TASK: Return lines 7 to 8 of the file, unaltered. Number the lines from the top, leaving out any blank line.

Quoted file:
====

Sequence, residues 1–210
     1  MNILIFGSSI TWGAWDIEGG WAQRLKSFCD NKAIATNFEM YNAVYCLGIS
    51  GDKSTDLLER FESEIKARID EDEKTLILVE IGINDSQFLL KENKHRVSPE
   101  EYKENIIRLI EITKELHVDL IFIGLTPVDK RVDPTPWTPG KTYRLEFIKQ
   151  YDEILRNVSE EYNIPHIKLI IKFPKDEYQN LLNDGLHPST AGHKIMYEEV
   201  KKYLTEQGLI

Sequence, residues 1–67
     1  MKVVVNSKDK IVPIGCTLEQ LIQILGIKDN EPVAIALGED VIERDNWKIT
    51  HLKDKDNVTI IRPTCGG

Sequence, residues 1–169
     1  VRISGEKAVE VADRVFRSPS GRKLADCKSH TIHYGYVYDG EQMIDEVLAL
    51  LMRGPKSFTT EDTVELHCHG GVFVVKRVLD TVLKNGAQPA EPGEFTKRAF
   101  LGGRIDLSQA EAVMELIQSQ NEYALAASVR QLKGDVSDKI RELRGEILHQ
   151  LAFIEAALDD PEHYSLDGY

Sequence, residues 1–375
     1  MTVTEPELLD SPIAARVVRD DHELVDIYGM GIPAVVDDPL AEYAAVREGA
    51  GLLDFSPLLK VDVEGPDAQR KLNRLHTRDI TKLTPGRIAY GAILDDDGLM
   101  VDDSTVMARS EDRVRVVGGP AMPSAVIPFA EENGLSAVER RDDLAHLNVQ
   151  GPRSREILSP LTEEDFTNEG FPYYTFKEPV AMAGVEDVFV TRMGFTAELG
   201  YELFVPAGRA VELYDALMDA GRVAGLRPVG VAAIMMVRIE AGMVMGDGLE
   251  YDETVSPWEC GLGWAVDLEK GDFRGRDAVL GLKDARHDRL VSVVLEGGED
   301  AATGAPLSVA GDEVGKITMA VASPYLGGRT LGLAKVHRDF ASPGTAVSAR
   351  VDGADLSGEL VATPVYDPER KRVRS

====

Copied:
Sequence, residues 1–67
     1  MKVVVNSKDK IVPIGCTLEQ LIQILGIKDN EPVAIALGED VIERDNWKIT